Napoléon Coste Lesson 24

In this lesson we’ll look at Lesson 24 by Napoléon Coste. This piece comes from Coste’s revised edition of Sor’s Method and has a beautiful melody in D minor. Here we’ll focus on expression by looking at fingerings, dynamics, rubato, articulation, and tempo.


The piece is marked Andante, which is around a walking pace. We should point out, however, that every piece of music has a range of tempos. I like this particular piece at a slower andante pace. This allows a much broader range of expression than a faster, dance-like tempo.

Tempo choice is up to you as a musician and your choice will affect the whole piece.


The slow tempo gives a melancholic feel to the piece. To make sure you capture the feel of the piece correctly, make sure to pay attention to the anacrusis at the beginning. An anacrusis is a pickup or off-beat note.

Another important component of the feel is the harmonic motion. The harmony moves from D minor to G minor and back to D minor. Thus, we move from a state of relaxation to tension and back to relaxation. Giving appropriate stress and release to this motion will help you bring out the feel.

Finally, bass stopping at rests offers a nice punctuation in the bass line that adds to the melancholic feel of the music. Yes, this brings a greater challenge, but it’s worth it musically.

Vocal lines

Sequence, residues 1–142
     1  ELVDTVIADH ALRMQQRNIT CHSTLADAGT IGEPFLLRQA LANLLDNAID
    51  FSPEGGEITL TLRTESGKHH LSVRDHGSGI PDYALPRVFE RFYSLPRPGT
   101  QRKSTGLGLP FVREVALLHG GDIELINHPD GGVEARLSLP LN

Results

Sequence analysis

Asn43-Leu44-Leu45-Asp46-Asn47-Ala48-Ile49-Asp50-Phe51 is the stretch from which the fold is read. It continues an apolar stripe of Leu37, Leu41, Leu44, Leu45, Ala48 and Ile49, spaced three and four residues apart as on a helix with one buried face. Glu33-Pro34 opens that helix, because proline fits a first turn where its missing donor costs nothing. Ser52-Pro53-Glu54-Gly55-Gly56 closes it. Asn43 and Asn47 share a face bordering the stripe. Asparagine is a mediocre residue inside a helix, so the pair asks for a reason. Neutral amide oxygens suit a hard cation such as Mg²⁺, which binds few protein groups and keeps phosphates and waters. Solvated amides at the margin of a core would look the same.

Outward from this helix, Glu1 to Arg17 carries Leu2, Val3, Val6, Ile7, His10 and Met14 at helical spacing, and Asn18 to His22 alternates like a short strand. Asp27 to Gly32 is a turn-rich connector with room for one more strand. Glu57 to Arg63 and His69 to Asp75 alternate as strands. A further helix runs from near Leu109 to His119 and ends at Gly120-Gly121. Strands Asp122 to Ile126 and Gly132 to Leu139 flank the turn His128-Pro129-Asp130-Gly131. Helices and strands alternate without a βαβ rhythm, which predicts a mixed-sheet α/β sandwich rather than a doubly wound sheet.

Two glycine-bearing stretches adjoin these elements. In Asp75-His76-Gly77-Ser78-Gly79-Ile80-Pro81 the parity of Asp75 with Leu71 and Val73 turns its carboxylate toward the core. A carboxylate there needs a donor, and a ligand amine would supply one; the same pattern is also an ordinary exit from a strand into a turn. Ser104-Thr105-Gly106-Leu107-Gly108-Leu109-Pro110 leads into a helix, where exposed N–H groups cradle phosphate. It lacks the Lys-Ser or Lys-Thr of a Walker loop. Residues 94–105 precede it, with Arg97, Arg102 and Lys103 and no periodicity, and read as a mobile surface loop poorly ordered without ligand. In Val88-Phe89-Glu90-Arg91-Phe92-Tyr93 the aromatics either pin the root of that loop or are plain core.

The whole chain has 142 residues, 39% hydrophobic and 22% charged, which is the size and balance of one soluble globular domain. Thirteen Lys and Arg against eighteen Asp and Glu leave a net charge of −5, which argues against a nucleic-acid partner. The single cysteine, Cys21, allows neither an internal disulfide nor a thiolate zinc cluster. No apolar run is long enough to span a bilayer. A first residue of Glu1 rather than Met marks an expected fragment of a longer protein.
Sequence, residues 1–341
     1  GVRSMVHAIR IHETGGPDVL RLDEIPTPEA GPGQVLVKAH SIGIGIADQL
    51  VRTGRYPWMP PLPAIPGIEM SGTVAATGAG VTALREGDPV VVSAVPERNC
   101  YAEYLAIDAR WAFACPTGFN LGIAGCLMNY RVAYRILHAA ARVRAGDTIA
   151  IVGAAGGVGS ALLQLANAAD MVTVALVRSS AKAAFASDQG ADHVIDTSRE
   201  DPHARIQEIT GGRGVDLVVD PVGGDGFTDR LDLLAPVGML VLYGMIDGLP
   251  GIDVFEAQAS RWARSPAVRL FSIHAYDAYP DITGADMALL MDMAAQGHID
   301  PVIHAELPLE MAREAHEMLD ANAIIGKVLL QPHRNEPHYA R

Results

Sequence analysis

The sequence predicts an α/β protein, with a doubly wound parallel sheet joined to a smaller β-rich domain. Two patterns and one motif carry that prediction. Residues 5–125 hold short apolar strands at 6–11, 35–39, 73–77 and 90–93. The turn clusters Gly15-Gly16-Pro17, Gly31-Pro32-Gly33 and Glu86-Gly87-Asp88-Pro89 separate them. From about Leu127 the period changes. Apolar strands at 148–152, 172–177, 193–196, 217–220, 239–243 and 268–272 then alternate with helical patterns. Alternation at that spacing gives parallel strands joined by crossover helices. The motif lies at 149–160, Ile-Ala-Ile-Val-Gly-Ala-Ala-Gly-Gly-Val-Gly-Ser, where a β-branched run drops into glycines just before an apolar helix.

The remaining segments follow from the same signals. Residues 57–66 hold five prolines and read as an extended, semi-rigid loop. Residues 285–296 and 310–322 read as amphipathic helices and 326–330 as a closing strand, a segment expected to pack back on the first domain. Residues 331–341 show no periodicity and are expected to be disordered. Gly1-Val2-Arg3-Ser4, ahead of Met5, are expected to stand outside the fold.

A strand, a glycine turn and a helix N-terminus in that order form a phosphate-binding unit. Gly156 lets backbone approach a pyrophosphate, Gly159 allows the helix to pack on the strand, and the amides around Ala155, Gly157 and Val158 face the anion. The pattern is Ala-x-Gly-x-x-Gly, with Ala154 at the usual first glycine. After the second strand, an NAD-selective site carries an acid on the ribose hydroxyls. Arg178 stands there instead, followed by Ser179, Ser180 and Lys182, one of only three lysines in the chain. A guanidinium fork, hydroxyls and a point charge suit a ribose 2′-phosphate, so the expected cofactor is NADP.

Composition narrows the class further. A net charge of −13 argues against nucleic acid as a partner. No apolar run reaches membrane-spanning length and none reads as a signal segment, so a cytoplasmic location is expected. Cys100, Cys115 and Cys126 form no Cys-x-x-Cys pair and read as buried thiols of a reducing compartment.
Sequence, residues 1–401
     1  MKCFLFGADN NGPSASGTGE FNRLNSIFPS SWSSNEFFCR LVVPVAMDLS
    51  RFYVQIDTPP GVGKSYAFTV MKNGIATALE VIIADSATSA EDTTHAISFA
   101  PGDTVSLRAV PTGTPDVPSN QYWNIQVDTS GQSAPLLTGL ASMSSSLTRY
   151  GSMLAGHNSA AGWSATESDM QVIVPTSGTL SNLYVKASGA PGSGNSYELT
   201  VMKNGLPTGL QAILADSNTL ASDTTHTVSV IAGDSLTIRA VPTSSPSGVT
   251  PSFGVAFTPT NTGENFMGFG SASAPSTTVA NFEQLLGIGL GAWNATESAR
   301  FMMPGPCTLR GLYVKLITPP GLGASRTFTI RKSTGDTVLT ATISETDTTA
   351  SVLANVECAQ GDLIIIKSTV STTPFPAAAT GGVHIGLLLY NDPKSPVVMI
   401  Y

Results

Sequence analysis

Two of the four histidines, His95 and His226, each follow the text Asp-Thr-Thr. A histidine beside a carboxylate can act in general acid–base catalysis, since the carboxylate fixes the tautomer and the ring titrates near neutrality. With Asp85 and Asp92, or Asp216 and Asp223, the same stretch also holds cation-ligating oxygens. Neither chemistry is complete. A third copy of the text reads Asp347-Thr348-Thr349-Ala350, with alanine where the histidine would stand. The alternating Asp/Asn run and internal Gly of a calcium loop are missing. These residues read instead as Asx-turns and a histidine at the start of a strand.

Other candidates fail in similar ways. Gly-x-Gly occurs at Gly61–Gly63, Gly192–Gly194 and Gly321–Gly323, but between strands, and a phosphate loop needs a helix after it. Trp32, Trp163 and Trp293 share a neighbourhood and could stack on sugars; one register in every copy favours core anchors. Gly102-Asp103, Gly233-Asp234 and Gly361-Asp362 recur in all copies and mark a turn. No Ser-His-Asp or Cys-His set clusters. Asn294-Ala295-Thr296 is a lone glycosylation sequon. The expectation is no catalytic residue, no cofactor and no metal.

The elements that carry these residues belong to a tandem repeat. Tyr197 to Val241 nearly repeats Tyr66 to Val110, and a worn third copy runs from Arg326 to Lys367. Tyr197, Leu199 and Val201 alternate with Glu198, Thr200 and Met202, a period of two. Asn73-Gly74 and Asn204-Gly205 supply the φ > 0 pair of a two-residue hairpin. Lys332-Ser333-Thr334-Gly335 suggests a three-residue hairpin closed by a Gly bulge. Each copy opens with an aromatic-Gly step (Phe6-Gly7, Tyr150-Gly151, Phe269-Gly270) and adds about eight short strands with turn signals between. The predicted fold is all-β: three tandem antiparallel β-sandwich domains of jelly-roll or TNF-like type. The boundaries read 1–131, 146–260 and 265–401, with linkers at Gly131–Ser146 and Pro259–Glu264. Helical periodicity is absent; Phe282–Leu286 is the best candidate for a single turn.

There are many longer lines that have an almost vocal quality. We can maximize the vocal element by use of portamentos, slurs, and stopping additional notes from sounding. Likewise we can use vibrato to imitate the voice and there are many opportunities to add vibrato.


Following some of these lyrical lines, we can add articulation to create contrast. We can do this by making the chords at the end of measure 3 staccato.


Tempo rubato, or stolen time, allows us to add to and take away energy from the music. In some places we can speed up in a subtle way. Following on from that we can take away energy by slowing down. The way I like to think of this is being elastic with time. You might think of it like a rollercoaster going up a hill and then rushing down the hill it’s just climbed.


Finally, when we combine tempo rubato with the use dynamics, crescendi and decrescendi, we add drama to the effect of elasticity.